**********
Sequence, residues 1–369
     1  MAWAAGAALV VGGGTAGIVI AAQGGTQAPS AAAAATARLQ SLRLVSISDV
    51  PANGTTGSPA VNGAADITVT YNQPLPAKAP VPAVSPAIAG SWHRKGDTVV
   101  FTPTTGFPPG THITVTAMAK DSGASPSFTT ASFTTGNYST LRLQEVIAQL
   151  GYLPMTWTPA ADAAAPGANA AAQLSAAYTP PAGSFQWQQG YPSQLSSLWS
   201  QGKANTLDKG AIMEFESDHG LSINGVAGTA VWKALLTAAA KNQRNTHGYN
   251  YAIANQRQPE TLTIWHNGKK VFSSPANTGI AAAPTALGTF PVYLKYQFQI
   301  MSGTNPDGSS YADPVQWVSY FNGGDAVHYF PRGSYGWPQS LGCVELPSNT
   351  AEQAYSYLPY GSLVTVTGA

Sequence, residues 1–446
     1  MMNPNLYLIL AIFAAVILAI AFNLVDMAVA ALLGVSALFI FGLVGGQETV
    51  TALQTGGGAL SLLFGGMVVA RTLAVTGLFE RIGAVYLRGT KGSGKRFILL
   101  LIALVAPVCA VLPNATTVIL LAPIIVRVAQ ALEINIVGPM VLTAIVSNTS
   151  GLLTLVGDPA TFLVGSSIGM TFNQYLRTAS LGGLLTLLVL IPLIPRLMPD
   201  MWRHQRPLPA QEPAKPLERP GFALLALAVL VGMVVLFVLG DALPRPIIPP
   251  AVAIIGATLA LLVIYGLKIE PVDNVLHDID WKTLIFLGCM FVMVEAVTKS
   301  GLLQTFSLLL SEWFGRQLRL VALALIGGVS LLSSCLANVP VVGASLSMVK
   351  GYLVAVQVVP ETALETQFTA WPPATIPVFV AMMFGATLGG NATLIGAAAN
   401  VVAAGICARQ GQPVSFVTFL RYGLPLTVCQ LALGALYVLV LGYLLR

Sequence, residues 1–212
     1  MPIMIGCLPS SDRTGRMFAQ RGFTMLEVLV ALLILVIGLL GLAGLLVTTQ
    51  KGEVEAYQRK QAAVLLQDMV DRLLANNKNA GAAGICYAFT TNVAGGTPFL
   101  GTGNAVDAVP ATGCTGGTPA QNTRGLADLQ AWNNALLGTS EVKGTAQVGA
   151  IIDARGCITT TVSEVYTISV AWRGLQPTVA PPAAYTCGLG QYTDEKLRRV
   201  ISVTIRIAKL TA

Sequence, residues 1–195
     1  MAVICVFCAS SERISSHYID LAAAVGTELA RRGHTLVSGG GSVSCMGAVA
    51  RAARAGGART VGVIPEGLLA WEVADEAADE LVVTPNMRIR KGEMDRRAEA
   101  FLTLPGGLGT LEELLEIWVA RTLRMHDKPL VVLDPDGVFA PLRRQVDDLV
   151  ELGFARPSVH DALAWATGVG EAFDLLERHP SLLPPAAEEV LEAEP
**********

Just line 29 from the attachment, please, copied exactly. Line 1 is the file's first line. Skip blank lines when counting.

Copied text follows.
   101  FLTLPGGLGT LEELLEIWVA RTLRMHDKPL VVLDPDGVFA PLRRQVDDLV